At this time I thought my mother had been enjoying parallel satisfaction buying shoes. When she visited me for lunch one afternoon, she wore a version of five-and-ten slippers from the subway. She was self-conscious about them, saying she relied on their comfort, these formless slippers with velcro straps that cost next to nothing. She repeated her satisfaction with the price. “My women friends agree with me about shoes. You can't find a decent pair anywhere! None of them fit. It's our unending source of conversation, and a big bore, don't you think?” She changed into leather pumps in the restaurant and then put her slippers back on as soon as we were outside. “I'm forever ducking into phone booths to change my shoes!” she laughed. “I know they look awful,” she said, “but they're the only shoes I can find that fit.”
      One evening, I convinced her to try a pair of sandals whose soles conform to the wearer's footprint. Full of hope, she bought a pair the next day and wore them to work, to and from the metro and at the office. By the end of the second day, she had severe ankle pain and could hardly walk. “I'm not used to the heel so low in back, I think,” she said.
      “Perhaps you should have worn them a little at a time, to get used to them,” I ventured. I was touched by her enthusiasm.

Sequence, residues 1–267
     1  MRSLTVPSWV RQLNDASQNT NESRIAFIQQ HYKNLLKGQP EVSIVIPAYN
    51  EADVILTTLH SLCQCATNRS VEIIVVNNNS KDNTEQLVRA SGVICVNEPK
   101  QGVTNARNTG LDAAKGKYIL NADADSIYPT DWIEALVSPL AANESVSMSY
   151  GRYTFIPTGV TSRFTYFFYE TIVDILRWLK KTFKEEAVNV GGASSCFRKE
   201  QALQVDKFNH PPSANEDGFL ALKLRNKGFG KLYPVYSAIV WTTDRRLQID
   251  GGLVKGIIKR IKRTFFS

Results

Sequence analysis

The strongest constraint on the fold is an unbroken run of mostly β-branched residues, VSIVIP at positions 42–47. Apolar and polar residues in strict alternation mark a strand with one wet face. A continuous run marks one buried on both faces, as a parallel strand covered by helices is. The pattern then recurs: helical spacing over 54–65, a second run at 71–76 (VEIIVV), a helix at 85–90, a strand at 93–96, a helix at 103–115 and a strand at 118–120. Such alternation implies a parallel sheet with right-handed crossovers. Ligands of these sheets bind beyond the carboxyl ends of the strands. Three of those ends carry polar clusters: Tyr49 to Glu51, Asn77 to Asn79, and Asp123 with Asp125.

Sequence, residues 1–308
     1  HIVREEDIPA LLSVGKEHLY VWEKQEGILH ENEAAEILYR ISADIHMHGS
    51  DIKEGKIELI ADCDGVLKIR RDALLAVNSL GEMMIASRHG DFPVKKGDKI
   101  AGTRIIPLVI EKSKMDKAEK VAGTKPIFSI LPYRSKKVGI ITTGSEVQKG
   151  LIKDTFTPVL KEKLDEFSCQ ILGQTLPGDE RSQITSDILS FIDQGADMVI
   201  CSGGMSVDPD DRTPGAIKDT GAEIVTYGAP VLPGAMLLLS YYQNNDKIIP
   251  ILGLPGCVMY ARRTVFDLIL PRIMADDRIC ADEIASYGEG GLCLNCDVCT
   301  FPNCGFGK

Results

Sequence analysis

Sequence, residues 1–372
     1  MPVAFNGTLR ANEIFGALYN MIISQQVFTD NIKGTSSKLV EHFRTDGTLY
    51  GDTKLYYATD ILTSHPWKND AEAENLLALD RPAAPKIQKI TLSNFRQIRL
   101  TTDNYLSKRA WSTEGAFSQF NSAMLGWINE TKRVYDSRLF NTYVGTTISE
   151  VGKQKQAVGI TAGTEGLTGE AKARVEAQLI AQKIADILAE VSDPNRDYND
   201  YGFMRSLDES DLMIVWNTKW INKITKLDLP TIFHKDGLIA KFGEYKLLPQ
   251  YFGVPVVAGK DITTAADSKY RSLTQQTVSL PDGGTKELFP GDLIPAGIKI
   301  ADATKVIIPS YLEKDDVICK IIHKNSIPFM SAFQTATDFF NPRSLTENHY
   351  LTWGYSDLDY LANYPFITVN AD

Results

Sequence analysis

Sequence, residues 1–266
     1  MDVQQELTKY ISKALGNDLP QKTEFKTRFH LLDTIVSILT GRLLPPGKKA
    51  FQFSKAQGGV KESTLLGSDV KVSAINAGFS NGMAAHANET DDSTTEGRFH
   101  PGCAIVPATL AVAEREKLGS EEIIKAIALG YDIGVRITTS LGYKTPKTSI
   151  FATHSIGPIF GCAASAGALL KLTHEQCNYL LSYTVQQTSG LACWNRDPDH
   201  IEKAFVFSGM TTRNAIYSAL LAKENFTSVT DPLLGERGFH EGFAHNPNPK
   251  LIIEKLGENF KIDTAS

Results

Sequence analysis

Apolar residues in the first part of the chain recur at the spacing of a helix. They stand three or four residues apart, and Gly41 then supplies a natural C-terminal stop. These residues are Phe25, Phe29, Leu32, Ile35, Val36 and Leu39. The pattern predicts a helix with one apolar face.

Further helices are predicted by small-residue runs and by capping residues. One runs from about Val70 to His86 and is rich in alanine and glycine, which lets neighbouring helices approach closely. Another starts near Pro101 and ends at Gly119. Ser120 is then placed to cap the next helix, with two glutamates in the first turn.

“What do you use to cover the ridges?” She asked, explaining that she got foam inserts at the pharmacy.
      “You must have gotten the wrong size!” I cried. “The ridges should fit perfectly under your toes. Did you try on a number of sizes?”
      “Oh, yes. The sales girl brought out many I didn't like. I can't wear the backless ones, I told her. I wanted the ones with heel straps, and these were all she had. So I had to get these.” I could see my mother, flustered and anxious with the aggressive young sales girl.
      “I should have gone with you,” I said, venturing that she might try sandals with lugged rubber soles.
      “After this experience, I'll stick to my sneakers, thanks!” My mother said. “No more suggestions, please.”
      She rides a bicycle, walks, and gardens at age 79. In my vivid imagination, I see her moving with the freedom and confidence of a dancer in shoes that encourage flexibility and poise. Now I must admit that few of us ever evolve into our potential selves but instead remain summations of our complaints. And without our problems, what would constitute the dialogue?
      “I hope someday you find a pair of shoes that is comfortable,” I said.
      “No, no. No more experiments. What works for you doesn't work for me.”
      “I don't mean a pair of shoes that I recommend, but a pair of shoes that you admit that you find comfortable.”
      “I went to a cobbler last week. He said my feet aren't very wide and that I shouldn't have a problem with fit. He sent me back to the shoe emporium.”
      “Exactly,” I said. “You must keep looking and you'll find a pair you like.”
      “No, I've given up,” she said. “No one my age owns shoes that fit correctly. It's an impossible dream. Frankly, I've lost interest.”

***** Joyce Wilson is the editor and publisher of The Poetry Porch and a Contributing Editor and a columnist for The Drunken Boat.